Discover the strange story of when Buffalo Bill's Wild West Show performed a major Chinese uprising
In April 1901, at Madison Square Garden, New York City, Buffalo Bill’s Wild West Show performed a re-enactment of an episode in the Boxer Rebellion, the fierce anti-Christian uprising that had triggered an international invasion of China, involving troops marching behind the flags of eight different nations and empires, including Britain, the United States, Russia, Germany and Japan. The entertainment essentially reworked earlier re-enactments of the ‘Ghost Dance Rising’, with the Native American cast members now playing Chinese militants, and the white cowboys on horseback becoming cavalry from different lands.
Historian Jeffrey Wasserstrom digs deeper into this fascinating cultural moment, and compares it to an Earl’s Court re-enactment of related Chinese events that was staged the same spring. He uses examination of these shows to explore the complex and distinctive ways America’s growing interest(s) in China were understood and articulated at the beginning of the 20th century. Some audience members, who had been scandalised by reports of the Boxers’ killing of Christians, were delighted to see the insurgents bested on stage. Others were less comfortable with this version of events, including Mark Twain, who viewed the Boxers as ‘traduced patriots’ and left the opening night performance in disgust. Join Professor Wasserstrom as he tells the story of Buffalo Bill’s imaginary trip to China, and reflect on what this episode teaches about America’s relationship to China, then and now.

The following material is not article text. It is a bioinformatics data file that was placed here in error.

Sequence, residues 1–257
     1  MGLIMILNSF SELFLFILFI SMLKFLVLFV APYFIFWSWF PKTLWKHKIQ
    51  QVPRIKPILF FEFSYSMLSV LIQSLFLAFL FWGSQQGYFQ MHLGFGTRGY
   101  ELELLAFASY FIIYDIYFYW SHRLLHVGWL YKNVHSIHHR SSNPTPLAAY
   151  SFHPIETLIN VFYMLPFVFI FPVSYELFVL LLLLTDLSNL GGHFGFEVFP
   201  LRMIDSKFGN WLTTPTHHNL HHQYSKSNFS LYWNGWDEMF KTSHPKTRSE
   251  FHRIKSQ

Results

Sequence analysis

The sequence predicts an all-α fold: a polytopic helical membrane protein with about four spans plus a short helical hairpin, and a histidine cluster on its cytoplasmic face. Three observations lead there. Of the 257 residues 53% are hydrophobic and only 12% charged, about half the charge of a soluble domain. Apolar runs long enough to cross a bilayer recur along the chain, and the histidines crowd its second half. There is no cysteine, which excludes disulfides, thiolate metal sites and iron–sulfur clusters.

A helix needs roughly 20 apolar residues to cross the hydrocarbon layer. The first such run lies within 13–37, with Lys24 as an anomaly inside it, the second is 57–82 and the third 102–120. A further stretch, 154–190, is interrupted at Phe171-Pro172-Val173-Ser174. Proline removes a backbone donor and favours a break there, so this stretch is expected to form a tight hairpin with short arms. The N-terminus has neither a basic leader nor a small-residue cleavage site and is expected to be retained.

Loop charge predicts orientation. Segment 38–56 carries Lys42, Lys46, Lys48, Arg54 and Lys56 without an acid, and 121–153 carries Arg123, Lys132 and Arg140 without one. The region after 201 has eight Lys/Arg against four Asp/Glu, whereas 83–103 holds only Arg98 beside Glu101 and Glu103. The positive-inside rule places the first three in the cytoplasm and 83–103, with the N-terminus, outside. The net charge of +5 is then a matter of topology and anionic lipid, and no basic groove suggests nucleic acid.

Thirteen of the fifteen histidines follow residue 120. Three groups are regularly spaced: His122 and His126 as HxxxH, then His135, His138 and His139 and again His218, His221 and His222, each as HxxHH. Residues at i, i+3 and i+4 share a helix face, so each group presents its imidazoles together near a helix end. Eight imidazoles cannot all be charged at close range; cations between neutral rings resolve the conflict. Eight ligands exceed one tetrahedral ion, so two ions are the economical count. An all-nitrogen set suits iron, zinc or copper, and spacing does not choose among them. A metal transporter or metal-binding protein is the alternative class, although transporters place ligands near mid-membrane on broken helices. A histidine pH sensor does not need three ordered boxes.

Sponsored by the Eccles Centre for American Studies at the British Library
Image: English and French troops attack the Boxers. Colour-printed battle scene, China, woodblock printed in the style of a new-year print. Originally published/produced in China, c.1900.